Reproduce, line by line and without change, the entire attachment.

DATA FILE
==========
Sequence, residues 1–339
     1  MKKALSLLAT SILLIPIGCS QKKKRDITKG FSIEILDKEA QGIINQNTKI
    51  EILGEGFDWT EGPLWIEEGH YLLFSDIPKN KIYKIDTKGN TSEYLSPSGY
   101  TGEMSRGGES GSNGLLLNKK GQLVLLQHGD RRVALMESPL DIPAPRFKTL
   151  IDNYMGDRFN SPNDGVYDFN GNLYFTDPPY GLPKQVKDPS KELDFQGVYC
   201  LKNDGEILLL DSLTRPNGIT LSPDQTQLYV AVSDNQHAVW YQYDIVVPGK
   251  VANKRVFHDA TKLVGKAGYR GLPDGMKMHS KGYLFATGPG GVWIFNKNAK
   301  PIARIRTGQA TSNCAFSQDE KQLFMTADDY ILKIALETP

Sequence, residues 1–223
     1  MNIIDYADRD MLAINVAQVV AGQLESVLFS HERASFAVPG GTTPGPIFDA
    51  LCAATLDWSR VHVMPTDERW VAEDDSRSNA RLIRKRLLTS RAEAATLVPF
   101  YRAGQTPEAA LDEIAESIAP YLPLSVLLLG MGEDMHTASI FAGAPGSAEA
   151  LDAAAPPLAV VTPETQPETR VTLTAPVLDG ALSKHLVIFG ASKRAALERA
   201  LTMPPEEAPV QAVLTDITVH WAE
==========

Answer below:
Sequence, residues 1–339
     1  MKKALSLLAT SILLIPIGCS QKKKRDITKG FSIEILDKEA QGIINQNTKI
    51  EILGEGFDWT EGPLWIEEGH YLLFSDIPKN KIYKIDTKGN TSEYLSPSGY
   101  TGEMSRGGES GSNGLLLNKK GQLVLLQHGD RRVALMESPL DIPAPRFKTL
   151  IDNYMGDRFN SPNDGVYDFN GNLYFTDPPY GLPKQVKDPS KELDFQGVYC
   201  LKNDGEILLL DSLTRPNGIT LSPDQTQLYV AVSDNQHAVW YQYDIVVPGK
   251  VANKRVFHDA TKLVGKAGYR GLPDGMKMHS KGYLFATGPG GVWIFNKNAK
   301  PIARIRTGQA TSNCAFSQDE KQLFMTADDY ILKIALETP

Sequence, residues 1–223
     1  MNIIDYADRD MLAINVAQVV AGQLESVLFS HERASFAVPG GTTPGPIFDA
    51  LCAATLDWSR VHVMPTDERW VAEDDSRSNA RLIRKRLLTS RAEAATLVPF
   101  YRAGQTPEAA LDEIAESIAP YLPLSVLLLG MGEDMHTASI FAGAPGSAEA
   151  LDAAAPPLAV VTPETQPETR VTLTAPVLDG ALSKHLVIFG ASKRAALERA
   201  LTMPPEEAPV QAVLTDITVH WAE